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Yes, I've seen the brochures last night (lets hope that the pictures were from the standard cam) and some pictures from the HC1 (I think). Notice on the power lines in those pictures no bayer problems, but that might be from the 4:2:0 as well. Looking good. The HC1 appears to not quiet achieve the neutral saturation I like, but no idea if it achieves the colour depth I'm looking for, along with 10+bits analogue out. But I don't have pictures for the A1, from the brochure it has a nicer level of saturation, but that could be enhanced for print.

So your certain the A1 is 1 chip, I could not find effective reference to number of chips in brochure?

Just a word of advice Radek, you'll find a number of people in this section of the forum will snob off the idea of this camera based on chip size "alone". Mid sized chips don't worry me too much, as I have effective means to deal with all their shortfalls except S/N.

I've notice that there is a VIA chipset that has video input ports, I don't know any details, they could be component, but it would be interesting to try recording with something like this, and even Cineralla (Linux Pro capture/Edit). Which, apparently, does pure three chip 4:4:4 recording no problems (though I don't know if it has component support and I imagine not for the VIA MB as standard. So it might still be possible to bypass the HDSDI step.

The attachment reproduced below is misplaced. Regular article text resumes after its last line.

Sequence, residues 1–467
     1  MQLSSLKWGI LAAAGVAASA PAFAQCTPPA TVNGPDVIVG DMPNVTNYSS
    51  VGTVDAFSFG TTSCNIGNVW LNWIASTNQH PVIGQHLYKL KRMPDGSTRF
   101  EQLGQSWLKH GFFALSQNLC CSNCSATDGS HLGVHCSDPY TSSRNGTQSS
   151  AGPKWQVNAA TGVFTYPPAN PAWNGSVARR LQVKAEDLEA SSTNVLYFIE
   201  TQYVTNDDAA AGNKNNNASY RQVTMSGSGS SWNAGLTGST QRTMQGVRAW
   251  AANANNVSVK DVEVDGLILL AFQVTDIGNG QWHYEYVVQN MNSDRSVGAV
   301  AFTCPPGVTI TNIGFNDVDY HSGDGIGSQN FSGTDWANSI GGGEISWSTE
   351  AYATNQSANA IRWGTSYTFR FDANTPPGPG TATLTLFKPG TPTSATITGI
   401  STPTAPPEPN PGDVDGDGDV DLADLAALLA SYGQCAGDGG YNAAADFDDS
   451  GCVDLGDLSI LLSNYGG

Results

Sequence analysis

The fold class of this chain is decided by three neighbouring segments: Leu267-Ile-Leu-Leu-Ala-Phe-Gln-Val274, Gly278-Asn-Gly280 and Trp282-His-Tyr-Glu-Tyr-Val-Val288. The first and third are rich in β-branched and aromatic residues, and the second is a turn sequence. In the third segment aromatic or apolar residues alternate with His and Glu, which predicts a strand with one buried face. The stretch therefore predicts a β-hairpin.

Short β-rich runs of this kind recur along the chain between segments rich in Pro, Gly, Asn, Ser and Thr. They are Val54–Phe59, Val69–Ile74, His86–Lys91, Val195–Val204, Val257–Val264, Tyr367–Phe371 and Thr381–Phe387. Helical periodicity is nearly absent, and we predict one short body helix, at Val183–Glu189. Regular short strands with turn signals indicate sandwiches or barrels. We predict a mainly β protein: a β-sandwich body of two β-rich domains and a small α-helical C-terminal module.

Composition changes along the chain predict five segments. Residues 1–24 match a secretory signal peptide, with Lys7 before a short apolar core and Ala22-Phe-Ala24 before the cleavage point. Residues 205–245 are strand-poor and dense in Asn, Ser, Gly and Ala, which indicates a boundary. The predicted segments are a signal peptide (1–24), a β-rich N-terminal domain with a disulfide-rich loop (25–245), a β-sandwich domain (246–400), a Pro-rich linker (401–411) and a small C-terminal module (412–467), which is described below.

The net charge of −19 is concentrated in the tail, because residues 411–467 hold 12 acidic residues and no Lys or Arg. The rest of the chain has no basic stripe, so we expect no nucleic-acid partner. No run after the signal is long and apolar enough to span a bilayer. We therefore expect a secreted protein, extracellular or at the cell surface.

Ohh, yes, Keith, they have just announced the new version of SATA, more things to wrap around our heads. Pity they don't just replace all these interfaces with one interface, could make life a lot easier.

Anyway, lets wait and see.
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Old June 6th, 2005, 06:57 PM   #45
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Wayne,

DVCPRO HD P2 Panasonic uncompressed analog output is either 1080i or 720p, no 1080p. Interesting, isn't it, after all 1080p claims. So 1080p is likely to be interpolated from one of the modes, similarly as CF25 on Sony HDV. Quite shocker. Maybe Canon will be first one to deliver true 1080p under 10,000 USD.

Small HDV Sonys are one chippers. It was announced on beginiing. Camcorderinfo may have some details.

I don't see reason for small Sonys top have inferior picture to FX/Z1, except in low light.

Radek